• Jurors rule 3 doctors owe NM patient $9 million

    LAS VEGAS, N.M. (AP) — A San Miguel County jury has awarded a Raton woman $9 million against three doctors after she suffered heart damage when her heart attack was not diagnosed for more than a day.

    Bryanna Baker's attorney, Randi McGinn, said that despite the verdict, the law has a $600,000 cap on what Baker can collect from each doctor, meaning she could collect $1.8 million. McGinn said she plans to challenge the cap's constitutionality.

  • Poll: Students grade high school down, college up

    WASHINGTON (AP) — Young people give mediocre marks to America's high schools but put great faith in its colleges.

    A new Associated Press-Viacom poll suggests most high schools are failing to give students a solid footing for the working world or strong guidance toward college, at a time when many students fear graduation means tumbling into an economic black hole.

    Most of the 18- to 24-year-olds surveyed gave high schools low grades for things that would ease the way to college: A majority say their school wasn't good at helping them choose a field of study, aiding them in finding the right college or vocational school or assisting them in coming up with ways to pay for more schooling.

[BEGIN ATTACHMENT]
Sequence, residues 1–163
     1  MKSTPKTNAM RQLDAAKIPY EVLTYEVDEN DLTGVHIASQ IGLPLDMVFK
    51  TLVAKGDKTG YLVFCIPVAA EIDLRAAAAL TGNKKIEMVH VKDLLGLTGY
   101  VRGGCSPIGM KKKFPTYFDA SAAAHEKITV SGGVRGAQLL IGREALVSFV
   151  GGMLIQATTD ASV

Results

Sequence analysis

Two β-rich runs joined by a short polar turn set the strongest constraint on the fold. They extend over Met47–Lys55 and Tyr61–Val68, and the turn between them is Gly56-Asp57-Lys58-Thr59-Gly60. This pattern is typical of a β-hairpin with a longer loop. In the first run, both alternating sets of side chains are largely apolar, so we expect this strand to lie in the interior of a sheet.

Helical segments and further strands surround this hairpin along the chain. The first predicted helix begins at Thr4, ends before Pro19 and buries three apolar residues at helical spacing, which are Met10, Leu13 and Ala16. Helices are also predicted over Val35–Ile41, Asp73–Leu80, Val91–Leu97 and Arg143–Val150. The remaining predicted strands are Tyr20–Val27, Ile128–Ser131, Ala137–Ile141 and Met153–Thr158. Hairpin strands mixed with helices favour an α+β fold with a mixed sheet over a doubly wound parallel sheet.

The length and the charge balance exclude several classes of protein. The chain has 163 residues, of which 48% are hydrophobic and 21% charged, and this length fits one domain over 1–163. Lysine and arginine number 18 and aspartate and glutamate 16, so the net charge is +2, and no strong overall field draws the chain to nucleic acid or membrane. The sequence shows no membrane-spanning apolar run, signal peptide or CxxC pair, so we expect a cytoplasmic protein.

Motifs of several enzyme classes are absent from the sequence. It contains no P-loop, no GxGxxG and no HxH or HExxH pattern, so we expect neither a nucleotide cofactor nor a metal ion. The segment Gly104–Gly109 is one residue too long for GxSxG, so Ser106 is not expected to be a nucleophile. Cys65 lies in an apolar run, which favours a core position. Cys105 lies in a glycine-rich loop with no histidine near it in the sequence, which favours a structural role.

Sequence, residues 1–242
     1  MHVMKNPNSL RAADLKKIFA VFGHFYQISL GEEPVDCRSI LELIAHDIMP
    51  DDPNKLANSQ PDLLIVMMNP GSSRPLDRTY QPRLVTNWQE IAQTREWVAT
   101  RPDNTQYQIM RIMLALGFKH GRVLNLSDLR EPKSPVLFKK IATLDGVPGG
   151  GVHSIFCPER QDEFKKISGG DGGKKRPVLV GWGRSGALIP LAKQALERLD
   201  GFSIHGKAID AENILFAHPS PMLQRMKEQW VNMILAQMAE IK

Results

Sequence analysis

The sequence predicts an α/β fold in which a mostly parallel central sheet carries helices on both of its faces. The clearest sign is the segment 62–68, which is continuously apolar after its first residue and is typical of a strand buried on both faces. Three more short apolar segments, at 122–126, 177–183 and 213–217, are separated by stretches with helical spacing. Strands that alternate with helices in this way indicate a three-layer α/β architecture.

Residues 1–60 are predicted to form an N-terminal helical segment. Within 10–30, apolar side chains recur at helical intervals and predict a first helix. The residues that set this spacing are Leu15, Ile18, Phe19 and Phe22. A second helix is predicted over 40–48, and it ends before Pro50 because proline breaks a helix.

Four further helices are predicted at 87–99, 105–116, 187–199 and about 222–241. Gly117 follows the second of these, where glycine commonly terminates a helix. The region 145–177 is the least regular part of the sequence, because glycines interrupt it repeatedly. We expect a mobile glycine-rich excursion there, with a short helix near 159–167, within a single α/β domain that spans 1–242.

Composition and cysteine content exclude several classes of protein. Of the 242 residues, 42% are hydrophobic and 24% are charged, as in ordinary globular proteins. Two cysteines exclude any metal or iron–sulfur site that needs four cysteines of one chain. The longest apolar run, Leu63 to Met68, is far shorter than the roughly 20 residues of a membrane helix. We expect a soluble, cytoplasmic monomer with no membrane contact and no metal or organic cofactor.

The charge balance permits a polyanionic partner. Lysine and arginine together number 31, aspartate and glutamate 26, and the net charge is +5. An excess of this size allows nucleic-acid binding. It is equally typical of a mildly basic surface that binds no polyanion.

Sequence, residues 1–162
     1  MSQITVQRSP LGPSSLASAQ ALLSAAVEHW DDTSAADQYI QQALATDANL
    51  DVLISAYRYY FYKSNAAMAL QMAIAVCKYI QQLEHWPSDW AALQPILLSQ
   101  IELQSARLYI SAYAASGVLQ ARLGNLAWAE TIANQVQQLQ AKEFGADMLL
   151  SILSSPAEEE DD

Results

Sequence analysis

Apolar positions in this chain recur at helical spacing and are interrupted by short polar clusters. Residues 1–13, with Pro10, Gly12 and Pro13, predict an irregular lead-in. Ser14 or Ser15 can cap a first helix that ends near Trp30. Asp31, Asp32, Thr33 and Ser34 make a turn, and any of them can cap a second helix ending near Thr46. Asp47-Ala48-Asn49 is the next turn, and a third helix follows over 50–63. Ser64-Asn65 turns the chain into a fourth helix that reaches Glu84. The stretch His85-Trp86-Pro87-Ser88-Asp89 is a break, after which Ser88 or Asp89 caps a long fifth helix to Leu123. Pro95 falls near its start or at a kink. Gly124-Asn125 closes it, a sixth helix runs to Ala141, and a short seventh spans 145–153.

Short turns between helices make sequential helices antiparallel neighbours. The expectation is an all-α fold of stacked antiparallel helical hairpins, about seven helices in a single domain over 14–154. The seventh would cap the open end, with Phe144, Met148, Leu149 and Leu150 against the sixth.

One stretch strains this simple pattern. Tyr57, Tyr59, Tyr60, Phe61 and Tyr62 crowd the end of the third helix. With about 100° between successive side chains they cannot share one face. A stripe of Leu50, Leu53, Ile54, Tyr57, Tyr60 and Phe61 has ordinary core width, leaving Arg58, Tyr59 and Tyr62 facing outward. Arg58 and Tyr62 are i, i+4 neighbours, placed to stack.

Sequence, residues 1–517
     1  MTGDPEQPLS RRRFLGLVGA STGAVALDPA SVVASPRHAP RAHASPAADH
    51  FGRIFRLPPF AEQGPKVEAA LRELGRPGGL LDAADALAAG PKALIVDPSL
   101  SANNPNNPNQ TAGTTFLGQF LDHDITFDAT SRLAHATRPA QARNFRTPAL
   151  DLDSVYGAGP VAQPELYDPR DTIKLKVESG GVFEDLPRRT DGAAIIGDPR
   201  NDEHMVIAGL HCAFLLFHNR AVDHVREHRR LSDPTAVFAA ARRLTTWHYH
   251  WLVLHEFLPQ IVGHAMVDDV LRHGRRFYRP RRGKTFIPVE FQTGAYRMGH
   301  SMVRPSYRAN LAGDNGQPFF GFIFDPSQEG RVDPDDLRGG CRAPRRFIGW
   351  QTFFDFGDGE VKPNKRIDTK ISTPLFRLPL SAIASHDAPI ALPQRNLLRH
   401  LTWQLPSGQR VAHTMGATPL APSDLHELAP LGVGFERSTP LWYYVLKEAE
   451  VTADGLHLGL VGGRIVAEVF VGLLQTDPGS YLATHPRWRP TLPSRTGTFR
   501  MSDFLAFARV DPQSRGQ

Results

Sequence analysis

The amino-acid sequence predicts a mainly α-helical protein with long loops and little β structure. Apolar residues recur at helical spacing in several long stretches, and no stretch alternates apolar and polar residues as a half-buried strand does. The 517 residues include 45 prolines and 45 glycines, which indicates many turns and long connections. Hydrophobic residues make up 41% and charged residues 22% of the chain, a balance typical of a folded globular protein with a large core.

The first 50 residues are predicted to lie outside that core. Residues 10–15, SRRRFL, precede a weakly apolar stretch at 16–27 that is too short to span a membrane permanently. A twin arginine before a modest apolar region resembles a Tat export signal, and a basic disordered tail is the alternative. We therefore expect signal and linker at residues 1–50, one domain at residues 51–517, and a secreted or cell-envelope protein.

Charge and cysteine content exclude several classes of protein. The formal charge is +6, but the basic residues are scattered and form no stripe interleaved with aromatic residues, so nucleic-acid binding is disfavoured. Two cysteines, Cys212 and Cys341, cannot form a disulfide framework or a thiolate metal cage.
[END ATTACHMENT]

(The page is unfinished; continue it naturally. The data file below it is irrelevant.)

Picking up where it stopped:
• Japan nuke plants starts pumping radioactive water

    TOKYO (AP) — The operator of Japan's crippled nuclear plant began pumping highly radioactive water from the basement of one of its buildings to a makeshift storage area Tuesday in a crucial step toward easing the nuclear crisis.

    Removing the 25,000 metric tons (about 6.6 million gallons) of contaminated water that has collected in the basement of a turbine building at Unit 2 of the Fukushima Dai-ichi plant will help allow access for workers trying to restore vital cooling systems that were knocked out in the March 11 tsunami.

  • Running: So much for that tough Boston Marathon course--video extra